Cockamamie legal theories

U.S. District Judge for Nevada Gloria Navarro issued her dismissal of all charges against Cliven Bundy and his sons Ammon and Ryan and co-defendent Ryan Payne on Jan 8. Constitutional conservatives owe the judge, an Obama appointee born in Las Vegas, thanks for impartially performing her duty in an exemplary fashion. By dismissing the charges with prejudice, the federal government cannot re-try them on these charges.

It may seem quaint to some, but there is such a thing as a U.S. Constitution. There are peer-reviewed treatises discussing the constitutional limits of federal management of real property. Perhaps more importantly, the legislatures and governors of eight western states, including Nevada, subscribe to the cockamamie belief that they should manage their own state lands. No doubt the political movement will be more important in the long run than constitutional arguments, because politicians hold revenue and votes more precious than ideas. It is much better to have state legislation and state representation than to stand alone in court and defy the federal government over money.

Nevertheless, when a longstanding grievance goes unanswered, history demonstrates individuals sometimes stand and speak truth to power. They become lightening rods and represent a cause to the public. The Bundy family is not the only instance of U.S. citizens willing to stand up to the state over money. The nation was founded by tax rebels. Henry David Thoreau went to prison rather than pay a tax. His essay “On Civil Disobedience” is an American classic.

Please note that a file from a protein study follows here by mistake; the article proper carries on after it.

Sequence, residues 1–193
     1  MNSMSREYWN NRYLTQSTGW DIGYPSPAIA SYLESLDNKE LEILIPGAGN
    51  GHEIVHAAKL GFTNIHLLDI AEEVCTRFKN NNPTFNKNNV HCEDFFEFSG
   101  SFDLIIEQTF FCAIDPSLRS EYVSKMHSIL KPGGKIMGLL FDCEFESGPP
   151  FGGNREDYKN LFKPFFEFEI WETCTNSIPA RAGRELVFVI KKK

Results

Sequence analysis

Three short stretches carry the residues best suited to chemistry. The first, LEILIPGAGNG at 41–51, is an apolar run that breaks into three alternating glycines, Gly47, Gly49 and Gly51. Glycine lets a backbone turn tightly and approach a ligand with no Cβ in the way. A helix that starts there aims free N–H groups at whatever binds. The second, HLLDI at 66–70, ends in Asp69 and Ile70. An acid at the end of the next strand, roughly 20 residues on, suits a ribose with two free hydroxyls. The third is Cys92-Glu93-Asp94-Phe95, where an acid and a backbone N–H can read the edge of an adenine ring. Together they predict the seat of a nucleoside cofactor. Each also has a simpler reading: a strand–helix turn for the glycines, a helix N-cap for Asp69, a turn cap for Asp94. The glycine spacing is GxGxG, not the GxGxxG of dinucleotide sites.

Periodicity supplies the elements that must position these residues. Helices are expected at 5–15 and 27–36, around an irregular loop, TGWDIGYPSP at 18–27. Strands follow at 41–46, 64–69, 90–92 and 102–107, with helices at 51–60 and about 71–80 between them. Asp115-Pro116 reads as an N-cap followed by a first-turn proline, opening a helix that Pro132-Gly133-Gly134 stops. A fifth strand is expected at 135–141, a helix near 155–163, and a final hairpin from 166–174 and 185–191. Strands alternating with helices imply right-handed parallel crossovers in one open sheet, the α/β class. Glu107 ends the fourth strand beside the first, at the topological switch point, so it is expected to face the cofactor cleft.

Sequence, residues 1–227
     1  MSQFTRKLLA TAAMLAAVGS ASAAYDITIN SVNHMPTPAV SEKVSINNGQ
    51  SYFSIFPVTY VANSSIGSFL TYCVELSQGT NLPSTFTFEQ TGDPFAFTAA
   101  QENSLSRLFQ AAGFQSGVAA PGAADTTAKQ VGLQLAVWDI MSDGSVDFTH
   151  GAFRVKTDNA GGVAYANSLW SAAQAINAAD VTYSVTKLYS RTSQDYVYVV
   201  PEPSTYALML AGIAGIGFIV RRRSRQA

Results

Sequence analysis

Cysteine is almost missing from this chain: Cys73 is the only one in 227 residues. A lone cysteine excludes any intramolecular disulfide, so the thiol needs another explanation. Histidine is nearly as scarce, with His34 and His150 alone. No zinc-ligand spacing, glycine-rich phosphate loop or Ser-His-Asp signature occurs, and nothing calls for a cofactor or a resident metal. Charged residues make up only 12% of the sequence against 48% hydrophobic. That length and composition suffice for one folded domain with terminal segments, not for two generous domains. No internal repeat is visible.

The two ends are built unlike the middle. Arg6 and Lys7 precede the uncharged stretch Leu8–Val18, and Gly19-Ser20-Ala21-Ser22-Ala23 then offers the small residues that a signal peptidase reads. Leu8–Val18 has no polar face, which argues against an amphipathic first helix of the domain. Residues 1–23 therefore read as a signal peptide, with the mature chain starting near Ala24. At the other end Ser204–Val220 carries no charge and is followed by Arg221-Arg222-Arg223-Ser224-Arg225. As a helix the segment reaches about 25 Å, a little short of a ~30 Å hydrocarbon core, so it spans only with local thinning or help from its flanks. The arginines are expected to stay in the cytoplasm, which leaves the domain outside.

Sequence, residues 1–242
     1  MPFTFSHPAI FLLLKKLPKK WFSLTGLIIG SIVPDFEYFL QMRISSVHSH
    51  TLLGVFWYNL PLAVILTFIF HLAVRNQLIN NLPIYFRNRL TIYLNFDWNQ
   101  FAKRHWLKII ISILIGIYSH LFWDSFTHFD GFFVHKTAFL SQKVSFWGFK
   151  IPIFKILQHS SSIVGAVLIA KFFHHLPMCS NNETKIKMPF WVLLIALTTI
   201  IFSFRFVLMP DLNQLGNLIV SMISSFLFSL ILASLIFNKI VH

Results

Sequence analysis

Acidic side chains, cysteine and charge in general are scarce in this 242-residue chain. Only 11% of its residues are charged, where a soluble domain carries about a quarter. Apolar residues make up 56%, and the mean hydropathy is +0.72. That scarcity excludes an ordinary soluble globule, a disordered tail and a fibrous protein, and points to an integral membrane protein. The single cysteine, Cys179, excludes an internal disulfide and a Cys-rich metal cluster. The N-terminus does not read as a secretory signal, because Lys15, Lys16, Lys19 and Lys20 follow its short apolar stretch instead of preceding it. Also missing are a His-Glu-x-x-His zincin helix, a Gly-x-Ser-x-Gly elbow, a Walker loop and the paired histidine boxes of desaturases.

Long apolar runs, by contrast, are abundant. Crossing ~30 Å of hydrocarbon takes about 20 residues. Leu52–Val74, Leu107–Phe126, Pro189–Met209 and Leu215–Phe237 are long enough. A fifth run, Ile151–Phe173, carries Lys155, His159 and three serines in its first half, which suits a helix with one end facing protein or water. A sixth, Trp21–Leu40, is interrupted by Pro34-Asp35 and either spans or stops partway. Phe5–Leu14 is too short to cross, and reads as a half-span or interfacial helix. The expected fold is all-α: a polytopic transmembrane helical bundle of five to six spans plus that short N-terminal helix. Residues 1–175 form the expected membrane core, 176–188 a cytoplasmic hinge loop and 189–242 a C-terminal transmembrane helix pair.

Yes, the Bundy family and their friends are kinda rough around the edges. People who stand up for their beliefs are rarely polished cosmopolitans who talk like Morgan Freeman. But that does not mean they are simply petty crooks. The left loves to engage in ad hominem attacks, which is underhanded propaganda instead of real debate. Juries of 12 Oregonians and Nevadans have set free or hung on nearly every charge brought against the Bundy militia both for the 2014 Bunkerville standoff and later the Malheur Wildlife Sanctuary standoff. A man is dead, for pete’s sake—Roy Finecum, a 54 year old rancher and foster parent from Arizona. He was shot dead in a hail of FBI and state police bullets while on his way to a town hall meeting to discuss the reasons why he was with Ammon and others when they took over a shed on a federal wildlife preserve to protest what they believed was a railroaded prison sentence for a local rancher.

The FBI and federal prosecutors withheld vital evidence from the Bundy defense. They lied, several times. They displayed extreme prejudice against the defendants on the basis of their religion. They ground the Bundys’ 14 year old son’s face in the gravel and reveled in it.

The Bundys came upon strangers on their property. They believed the feds had planted snipers around their property. The feds denied it. But Judge Navarro saw to it that they produced the relevant documents that demonstrated there were indeed snipers planted around the Bundy ranch. The FBI said the Bundys were dangerous, but documents show their own agents denied they were a threat.

There is no constitutional basis for much of what the federal government does. We do not need to restore faith in the FBI, the Bureau of Land Management or the Forest Service. Upon his release, Cliven Bundy questioned the need for a federal army that came armed against him. We need to question the reason why so many federal employees carry guns. We need to let states and individuals find the highest and best use for the public lands.